A recent paper by Cheng, Srinivasan, and Yu of the Harvard Business School found that U.S. listed foreign companies experienced about half the class action lawsuits as their U.S. counterparts. (SSRN) Here's the abstract:
We study securities litigation risk faced by foreign firms listed on U.S. exchanges. We find that U.S. listed foreign companies experience securities class action lawsuits at about half the rate as do U.S. firms with similar levels of ex ante litigation risk. The lower rate appears to be driven partly by higher transaction costs in uncovering and pursuing litigation against foreign firms. However, once a lawsuit triggering event like an accounting restatement, missing management guidance, or a sharp stock price decline occurs, there is no difference in the litigation rates between a foreign and comparable U.S. firm. This suggests that effective enforcement of securities laws is constrained by transaction costs, and the availability of high quality information that reveals potential misconduct is an important determinant of a well-functioning litigation market for foreign firms listed in the U.S.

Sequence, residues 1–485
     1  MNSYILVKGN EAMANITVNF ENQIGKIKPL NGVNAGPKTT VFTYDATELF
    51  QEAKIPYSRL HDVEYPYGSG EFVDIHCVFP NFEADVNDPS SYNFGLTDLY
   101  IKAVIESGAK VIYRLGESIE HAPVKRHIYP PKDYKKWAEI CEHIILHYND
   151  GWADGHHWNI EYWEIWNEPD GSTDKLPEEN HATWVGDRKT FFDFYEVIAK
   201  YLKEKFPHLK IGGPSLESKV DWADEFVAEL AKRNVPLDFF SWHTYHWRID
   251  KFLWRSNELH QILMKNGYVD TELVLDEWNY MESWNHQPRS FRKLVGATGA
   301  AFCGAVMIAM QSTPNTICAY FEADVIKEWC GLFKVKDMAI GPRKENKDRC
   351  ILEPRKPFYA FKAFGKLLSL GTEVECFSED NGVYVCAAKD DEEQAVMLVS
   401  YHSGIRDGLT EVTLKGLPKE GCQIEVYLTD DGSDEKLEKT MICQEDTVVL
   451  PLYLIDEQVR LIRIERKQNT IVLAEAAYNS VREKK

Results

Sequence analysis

It appears that listing on a U.S. exchange is an effective litigation deterrent for foreign firms due to asymmetric information and the high cost of litigating a foreign firm.